> has been 40 more years of R & D on all those issues. My major
> complaint about the SW is that they ignored all that R & D and
> forced a one-size-fits-all format on everybody.
> 7. The SW notion of interoperability is to provide a mapping from
> RDB to RDF. But that is the *worst conceivable* approach. It is
> unbelievably inefficient for dense data, and it is vastly worse
> than SQL for complex queries. If anybody had suggested that method
> at a VLDB conference in the 1980s or '90s they would have been
> laughed out of the room in disgrace.
> > DN: I think a lot of the issue you note are also solved by better
> > modelling and indexing. Nevertheless, it will be very interesting to
> > watch the 2012 growth of these Graph DB's.
> Graph DBs and RDBMS are both designed for professional programmers
> who are forced to dig into the implementation details. The 40+ years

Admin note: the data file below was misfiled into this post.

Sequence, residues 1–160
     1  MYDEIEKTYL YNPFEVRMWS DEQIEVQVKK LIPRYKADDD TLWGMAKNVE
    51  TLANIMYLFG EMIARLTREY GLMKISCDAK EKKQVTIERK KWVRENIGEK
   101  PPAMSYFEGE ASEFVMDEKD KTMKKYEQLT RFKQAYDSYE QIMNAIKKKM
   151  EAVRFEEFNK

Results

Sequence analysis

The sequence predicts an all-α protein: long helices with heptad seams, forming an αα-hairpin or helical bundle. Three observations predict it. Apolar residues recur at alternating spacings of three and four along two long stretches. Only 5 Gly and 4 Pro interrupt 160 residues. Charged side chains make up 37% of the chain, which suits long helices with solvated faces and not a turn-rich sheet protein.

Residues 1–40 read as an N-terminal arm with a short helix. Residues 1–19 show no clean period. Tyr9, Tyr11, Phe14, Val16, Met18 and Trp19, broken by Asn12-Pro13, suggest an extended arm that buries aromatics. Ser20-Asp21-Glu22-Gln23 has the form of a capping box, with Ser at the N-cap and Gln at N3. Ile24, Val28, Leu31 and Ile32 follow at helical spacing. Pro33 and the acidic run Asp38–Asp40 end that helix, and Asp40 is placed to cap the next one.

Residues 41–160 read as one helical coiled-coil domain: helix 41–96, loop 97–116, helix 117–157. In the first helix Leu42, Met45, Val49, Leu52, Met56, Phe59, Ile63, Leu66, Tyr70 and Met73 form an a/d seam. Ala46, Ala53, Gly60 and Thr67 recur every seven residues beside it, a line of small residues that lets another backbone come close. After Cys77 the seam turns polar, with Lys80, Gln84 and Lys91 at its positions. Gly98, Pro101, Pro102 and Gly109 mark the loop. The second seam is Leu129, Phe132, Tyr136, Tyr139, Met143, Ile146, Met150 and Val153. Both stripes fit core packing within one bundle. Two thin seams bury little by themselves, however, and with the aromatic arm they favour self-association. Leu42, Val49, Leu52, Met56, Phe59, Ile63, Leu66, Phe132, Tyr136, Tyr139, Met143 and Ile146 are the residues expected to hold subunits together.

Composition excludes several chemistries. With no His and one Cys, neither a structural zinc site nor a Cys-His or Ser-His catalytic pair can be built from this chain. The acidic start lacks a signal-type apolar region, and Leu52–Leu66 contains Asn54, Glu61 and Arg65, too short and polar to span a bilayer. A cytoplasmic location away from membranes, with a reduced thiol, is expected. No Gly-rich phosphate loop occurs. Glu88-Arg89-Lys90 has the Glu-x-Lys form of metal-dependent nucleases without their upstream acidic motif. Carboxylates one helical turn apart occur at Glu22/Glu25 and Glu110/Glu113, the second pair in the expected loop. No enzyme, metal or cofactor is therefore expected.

> of R & D on databases focused on implementation-independent methods.
> You don't even need any research studies to see why application
> programmers prefer JSON to RDF -- it's equally good for representing
> graphs, tables, or trees.
> I agree that for optimum performance on very large applications,
> such as FaceBook or Amazon, professional systems programmers need
> to get down into the bowels of the implementation. Those systems
> provide good interfaces for casual users who go to their sites.
> But application programmers should *never* need to get into the
> details of the implementation. And interoperability across
> independently developed systems should *always* be at a level
> that is independent of the implementation. That is the point
> of the following paper and slides:
> Future directions in semantic systems
> Integrating Semantic Systems